Explain to me, managers of /biz/, what do you manage and how?
I see my manager too often in his office, pushing paper, schedules, and emails around. Why should we value you as "Manager" as opposed to just another member with some lead privileges?
Serious question here, no malice involved.
Bump. Quit my part time job because I wasn't up to deal with my manager for another half-year.
From what I know about my manager (and other managers I've talked to), they usually started out doing the work they were managing, which is why they are in that position in the first place.
They mostly deal with keeping customers happy, and also vouching for their employees and service. It's not as physically taxing, but it's the dealing with people that gets you.
Not always. Lots of upper management - and some middle management - know little about the specifics of what you do, yet still tell you what to do and the deadlines/budget you're under.
I'm 19 and because I've been working at this car garage the longest, I'm manager. I manage almost everything except paying the bills. People, cars, parts companies, admin functions and decisions.
On another note, what does it mean when you've gone for an interview with a big franchise car dealership and they ask you for a copy of your driving licence, National Insurance number and passport ? I had the first interview where I was all suited up with the dealer principal and then I had a secondary interview where I was told it wasn't a dressed up one, just a chat with the team I would be working with in the job. They haven't said a definite yes or so but what does it mean ?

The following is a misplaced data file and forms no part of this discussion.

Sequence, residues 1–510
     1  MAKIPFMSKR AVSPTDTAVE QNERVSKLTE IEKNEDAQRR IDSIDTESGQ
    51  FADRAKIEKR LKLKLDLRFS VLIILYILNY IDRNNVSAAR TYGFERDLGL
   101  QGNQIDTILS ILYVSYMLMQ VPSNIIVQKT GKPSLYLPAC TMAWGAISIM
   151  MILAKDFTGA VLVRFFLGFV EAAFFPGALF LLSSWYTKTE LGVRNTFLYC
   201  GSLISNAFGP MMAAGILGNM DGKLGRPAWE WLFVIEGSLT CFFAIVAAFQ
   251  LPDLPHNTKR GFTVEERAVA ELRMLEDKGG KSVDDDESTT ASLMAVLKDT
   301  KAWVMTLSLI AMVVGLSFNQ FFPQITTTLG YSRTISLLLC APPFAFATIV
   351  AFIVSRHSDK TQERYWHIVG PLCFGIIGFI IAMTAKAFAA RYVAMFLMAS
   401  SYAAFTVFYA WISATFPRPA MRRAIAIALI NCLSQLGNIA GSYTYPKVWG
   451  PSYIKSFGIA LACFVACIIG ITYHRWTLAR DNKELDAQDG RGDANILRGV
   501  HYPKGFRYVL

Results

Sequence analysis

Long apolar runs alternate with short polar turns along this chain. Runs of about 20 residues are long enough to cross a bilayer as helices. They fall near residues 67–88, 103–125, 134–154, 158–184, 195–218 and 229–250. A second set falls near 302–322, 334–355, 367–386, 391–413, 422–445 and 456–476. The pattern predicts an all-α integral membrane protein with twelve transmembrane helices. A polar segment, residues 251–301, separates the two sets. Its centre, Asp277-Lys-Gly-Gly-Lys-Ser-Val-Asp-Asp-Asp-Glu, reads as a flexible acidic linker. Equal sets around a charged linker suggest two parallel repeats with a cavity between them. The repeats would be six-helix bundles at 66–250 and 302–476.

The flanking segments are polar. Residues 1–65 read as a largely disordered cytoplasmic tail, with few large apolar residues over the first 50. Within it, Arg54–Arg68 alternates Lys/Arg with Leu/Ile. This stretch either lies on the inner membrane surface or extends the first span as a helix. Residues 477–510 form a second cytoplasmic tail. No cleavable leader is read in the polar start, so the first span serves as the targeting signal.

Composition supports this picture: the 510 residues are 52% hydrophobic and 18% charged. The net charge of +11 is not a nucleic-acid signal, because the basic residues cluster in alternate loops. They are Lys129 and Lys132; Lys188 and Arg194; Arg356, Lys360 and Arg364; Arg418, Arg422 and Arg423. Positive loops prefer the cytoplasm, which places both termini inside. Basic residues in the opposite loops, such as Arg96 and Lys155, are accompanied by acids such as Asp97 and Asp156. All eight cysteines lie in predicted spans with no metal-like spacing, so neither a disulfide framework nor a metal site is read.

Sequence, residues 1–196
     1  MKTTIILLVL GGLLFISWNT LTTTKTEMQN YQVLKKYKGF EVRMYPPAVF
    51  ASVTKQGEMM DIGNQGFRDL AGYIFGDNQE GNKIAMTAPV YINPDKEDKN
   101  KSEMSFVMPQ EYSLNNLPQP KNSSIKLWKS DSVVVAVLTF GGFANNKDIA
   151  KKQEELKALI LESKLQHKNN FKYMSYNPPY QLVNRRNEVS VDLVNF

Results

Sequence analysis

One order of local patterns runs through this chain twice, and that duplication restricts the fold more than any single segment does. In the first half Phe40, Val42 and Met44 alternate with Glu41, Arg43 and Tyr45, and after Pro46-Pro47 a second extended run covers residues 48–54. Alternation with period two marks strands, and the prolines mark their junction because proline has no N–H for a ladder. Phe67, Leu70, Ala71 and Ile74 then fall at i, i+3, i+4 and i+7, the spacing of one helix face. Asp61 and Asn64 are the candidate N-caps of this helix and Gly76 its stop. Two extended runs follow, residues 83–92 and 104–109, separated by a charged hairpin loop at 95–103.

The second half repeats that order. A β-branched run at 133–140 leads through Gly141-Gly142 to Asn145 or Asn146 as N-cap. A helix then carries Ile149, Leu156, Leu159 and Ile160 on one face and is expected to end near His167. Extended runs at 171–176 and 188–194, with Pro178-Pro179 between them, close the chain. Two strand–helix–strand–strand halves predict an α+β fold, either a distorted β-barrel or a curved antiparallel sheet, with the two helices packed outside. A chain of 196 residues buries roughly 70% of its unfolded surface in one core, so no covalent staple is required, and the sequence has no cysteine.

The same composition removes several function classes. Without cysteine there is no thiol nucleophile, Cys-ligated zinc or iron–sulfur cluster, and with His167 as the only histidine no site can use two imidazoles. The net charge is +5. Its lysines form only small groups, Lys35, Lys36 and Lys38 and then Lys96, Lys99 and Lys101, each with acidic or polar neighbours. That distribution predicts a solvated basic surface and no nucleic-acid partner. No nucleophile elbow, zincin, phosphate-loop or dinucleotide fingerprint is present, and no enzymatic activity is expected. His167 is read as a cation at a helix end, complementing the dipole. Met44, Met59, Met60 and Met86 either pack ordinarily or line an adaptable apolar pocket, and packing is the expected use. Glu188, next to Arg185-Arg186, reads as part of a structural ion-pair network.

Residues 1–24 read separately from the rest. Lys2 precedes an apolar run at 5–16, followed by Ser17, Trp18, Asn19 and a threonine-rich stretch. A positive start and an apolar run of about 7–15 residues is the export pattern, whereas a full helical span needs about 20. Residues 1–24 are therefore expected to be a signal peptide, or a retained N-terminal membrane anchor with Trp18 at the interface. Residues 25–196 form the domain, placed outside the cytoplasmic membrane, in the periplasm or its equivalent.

>Explain to me, managers of /biz/, what do you manage and how?
I am a project manager in an architecture office, I manage timetables, when drafts have to be finished, certified etc. evaluate my employees which skillset and level they are, as well as how fast they are in particular fields and through that analysis designate a variety of tasks to every individual in my planing team. I also control and approve the plans, that are being sent to contractors, thus the project responsibility for every one of my workers faults that could fuck up the project is mine, since I approved it. there are other tasks like construction supervision that I also do, but that is irrelevant for now.
Sadly a lot of bad managers think they need to be able to tell their directs how to do their jobs, like they are some kind of super worker. Having a good manager who realizes he doesn't understand the technical details of your job is a blessing. Instead of telling you when you need to be done with things they'll usually start by asking how long it will take to complete.
Managers take direction from higher up and are responsible for knowing what is top priority. They relay this to their team and crack the whip so the speak. A good manager should know, at a high level, what every member of his team is working on. He should also have a good understanding of their skill set so he can allocate resources accordingly.